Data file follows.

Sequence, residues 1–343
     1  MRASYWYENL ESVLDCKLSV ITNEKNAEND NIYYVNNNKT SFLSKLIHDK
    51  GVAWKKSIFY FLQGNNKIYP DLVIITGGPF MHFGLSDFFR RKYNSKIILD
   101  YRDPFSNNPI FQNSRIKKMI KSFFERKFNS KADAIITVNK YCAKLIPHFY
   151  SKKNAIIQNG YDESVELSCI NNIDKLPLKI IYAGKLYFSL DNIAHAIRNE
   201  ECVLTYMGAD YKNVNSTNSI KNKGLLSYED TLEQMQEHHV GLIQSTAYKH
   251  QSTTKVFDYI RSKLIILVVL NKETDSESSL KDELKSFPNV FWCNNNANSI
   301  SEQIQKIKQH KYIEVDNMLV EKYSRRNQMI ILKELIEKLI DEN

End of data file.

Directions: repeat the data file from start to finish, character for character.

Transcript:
Sequence, residues 1–343
     1  MRASYWYENL ESVLDCKLSV ITNEKNAEND NIYYVNNNKT SFLSKLIHDK
    51  GVAWKKSIFY FLQGNNKIYP DLVIITGGPF MHFGLSDFFR RKYNSKIILD
   101  YRDPFSNNPI FQNSRIKKMI KSFFERKFNS KADAIITVNK YCAKLIPHFY
   151  SKKNAIIQNG YDESVELSCI NNIDKLPLKI IYAGKLYFSL DNIAHAIRNE
   201  ECVLTYMGAD YKNVNSTNSI KNKGLLSYED TLEQMQEHHV GLIQSTAYKH
   251  QSTTKVFDYI RSKLIILVVL NKETDSESSL KDELKSFPNV FWCNNNANSI
   301  SEQIQKIKQH KYIEVDNMLV EKYSRRNQMI ILKELIEKLI DEN